A 2018 study published in The American Journal of Drug and Alcohol Abuse assessed the academic and substance use outcomes of adolescents attending “recovery high schools” and, after 6 months of assessments, the authors concluded the following:

  • Teens who attend recovery high school are more likely than those who don’t to remain abstinent from drugs after 6 months post-treatment
  • Teens who partake in these types of programs are also less likely to have absenteeism concerns in school
  • Lower marijuana use levels are found in teens who attend recovery schools

ARCH Academy is surrounded by wooded hills and free from distractions – and with lengths of stays ranging from 60 days to 6 months, teen boys aged 14-18 can learn about addiction, develop life skills, build their self-esteem and more while attending both school and rehabilitation. If your teen needs help, don’t wait any longer to seek out treatment. This period of their lives could have a lasting impact on their future – and having the right people nearby could make a world of difference.

Adolescent Recovery of Cumberland Heights (ARCH) originally began in 1985 when there were few other adolescent programs like it in the country. In 2019, we’re expanding our continuum of services with ARCH Academy, a unique program located in Kingston Springs that offers 60 days to 6 months of residential care to adolescent boys ages 14-18 who are struggling with alcohol and/or drug addiction. This new program stems from Cumberland Heights, which has been around since 1966, and is located in Nashville, Tennessee. The adolescent age is a critical time for development, making this a crucial time of positive influence. For more information, call us today at 1-800-646-9998.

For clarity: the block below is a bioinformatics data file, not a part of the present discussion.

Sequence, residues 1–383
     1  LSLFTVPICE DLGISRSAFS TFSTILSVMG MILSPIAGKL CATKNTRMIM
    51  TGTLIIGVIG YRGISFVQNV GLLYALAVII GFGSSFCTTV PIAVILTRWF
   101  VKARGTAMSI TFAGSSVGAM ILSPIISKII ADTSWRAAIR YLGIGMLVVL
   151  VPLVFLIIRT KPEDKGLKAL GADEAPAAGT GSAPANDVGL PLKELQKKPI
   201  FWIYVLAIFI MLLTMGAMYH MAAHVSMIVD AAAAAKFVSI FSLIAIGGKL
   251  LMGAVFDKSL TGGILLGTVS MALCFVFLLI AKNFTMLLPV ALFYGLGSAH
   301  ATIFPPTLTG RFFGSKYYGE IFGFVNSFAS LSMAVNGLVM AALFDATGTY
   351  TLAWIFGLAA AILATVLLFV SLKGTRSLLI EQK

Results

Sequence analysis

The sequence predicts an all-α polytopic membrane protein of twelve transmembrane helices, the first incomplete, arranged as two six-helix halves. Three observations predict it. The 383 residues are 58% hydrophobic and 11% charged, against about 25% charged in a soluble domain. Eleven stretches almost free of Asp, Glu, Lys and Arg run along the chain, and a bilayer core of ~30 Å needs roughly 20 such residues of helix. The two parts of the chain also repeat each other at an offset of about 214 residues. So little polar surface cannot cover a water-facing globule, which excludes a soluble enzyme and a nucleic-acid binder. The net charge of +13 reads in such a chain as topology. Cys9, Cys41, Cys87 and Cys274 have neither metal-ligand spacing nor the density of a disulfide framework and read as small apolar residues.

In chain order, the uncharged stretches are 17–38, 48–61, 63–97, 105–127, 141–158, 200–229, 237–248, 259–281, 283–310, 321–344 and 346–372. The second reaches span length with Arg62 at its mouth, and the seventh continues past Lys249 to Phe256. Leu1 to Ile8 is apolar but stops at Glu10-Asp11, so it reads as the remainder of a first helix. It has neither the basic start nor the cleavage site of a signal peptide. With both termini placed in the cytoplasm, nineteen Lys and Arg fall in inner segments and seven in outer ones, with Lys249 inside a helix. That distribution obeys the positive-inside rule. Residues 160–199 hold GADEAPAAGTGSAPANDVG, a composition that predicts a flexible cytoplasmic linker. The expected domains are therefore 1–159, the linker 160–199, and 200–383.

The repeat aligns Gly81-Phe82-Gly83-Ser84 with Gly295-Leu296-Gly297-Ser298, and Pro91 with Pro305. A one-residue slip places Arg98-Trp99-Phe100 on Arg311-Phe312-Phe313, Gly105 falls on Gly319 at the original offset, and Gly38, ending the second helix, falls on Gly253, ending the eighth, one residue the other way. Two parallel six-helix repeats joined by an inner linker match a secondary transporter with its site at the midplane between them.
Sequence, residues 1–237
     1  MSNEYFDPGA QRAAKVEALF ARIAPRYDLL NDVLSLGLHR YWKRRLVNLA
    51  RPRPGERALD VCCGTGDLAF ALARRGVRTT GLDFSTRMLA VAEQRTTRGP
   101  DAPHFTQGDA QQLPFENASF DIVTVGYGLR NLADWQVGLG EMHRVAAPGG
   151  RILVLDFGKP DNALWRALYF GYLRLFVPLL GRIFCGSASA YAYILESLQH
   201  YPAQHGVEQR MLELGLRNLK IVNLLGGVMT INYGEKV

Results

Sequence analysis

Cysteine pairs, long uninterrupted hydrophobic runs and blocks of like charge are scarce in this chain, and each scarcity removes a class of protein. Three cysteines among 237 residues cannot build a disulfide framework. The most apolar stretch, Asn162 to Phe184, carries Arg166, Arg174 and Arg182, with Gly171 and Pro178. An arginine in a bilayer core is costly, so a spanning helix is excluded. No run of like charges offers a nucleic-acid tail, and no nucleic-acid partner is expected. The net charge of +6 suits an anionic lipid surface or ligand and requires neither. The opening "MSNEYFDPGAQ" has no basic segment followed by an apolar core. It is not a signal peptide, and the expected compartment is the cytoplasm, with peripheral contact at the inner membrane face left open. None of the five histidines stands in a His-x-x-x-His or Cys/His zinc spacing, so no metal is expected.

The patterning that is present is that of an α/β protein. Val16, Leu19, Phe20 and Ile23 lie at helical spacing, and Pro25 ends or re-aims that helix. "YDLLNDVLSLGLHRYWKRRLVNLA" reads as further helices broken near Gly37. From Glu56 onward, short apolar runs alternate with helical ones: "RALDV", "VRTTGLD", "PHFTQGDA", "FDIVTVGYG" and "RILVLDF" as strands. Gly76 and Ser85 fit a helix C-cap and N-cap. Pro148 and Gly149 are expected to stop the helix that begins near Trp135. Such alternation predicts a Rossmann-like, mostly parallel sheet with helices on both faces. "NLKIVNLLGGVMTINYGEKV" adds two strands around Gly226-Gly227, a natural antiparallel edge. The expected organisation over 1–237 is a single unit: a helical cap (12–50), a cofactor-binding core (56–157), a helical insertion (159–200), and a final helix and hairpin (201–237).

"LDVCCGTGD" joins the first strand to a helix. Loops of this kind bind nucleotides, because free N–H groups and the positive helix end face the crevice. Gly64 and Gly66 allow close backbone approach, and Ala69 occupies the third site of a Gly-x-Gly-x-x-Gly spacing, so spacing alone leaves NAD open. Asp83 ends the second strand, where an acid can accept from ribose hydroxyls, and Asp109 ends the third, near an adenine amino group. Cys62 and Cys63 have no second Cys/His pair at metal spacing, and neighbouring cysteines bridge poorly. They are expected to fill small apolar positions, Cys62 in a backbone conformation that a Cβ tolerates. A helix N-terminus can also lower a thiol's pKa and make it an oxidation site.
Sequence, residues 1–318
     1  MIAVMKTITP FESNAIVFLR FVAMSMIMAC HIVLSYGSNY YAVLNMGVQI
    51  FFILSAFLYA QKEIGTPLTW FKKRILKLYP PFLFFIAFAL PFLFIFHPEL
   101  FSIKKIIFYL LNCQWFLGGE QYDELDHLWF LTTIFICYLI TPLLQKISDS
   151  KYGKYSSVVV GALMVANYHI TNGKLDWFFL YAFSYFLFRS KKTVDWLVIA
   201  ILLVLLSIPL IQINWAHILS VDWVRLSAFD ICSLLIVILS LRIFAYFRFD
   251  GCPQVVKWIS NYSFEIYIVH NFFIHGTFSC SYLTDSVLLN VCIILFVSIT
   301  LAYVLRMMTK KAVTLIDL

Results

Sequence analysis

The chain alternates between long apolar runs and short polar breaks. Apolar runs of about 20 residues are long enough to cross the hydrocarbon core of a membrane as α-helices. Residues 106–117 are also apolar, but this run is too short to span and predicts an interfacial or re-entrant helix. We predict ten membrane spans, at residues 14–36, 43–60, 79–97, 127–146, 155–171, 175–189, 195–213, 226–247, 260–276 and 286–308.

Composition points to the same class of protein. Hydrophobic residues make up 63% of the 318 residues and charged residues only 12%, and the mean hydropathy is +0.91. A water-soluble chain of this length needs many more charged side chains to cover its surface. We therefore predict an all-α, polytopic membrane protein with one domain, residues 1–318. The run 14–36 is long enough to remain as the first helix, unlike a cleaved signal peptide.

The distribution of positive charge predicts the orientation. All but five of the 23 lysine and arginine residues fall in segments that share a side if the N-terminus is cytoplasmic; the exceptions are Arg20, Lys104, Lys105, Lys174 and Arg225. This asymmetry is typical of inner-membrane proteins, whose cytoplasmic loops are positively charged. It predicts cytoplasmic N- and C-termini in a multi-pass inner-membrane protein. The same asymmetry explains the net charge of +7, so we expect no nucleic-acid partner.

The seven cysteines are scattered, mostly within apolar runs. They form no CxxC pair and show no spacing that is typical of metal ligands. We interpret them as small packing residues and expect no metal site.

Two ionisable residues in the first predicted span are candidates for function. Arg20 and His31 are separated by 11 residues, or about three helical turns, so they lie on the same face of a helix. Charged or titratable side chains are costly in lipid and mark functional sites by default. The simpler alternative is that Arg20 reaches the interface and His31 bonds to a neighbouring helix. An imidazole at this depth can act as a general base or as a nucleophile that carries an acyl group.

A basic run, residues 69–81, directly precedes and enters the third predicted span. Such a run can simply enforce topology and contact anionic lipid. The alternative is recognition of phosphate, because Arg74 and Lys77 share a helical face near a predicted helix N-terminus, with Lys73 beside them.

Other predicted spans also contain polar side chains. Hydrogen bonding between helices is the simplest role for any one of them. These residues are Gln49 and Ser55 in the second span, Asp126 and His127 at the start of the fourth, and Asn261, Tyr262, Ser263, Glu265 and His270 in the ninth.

Boy healing in addiction recoveryOur adolescent years are often such a confusing time as our mind, body and spirit is developing, and substance abuse can only further complicate this. Research shows that the adolescent brain lacks critical thinking skills, and teens are at heightened risk to pursue risky endeavors because their brain is still developing these areas that would otherwise help them consider the consequences of these actions. Not only is the adolescent brain still developing during this time, but they’re more impressionable; peer pressure accounts for a huge part of substance use among teens, and their environment – both in the community and at home – can also weigh heavily on their likelihood for substance abuse.

Some adolescents abuse substances because they feel alone in the issues their facing, while others are looking for a sense of direction, and substances may seem to resolve that issue temporarily. The utmost healing occurs for adolescents who experiencing love, community and service in a holistic aspect – their mind, body and spirit.

How Addiction Affects the Mind, Body and Spirit

Mind

DrugFree.org emphasizes that in addition to the mood swings, the brain develops in an uneven pattern, from the back of the brain to the front. Because of this, adolescents struggle with reasoning and impulses, which makes them more susceptible to addiction. The brain is made up of billions of nerve cells, and the signals that get passed between these nerve cells are sent through neurotransmitters – some of which send signals of pain or pleasure. When adolescents abuse substances, a surge of dopamine (a “feel-good” chemical) floods the brain, and, over time, the adolescent brain becomes dependent on these substances – and if a teen stops substance abuse, they’re likely to experience irritability, tiredness and other withdrawal symptoms.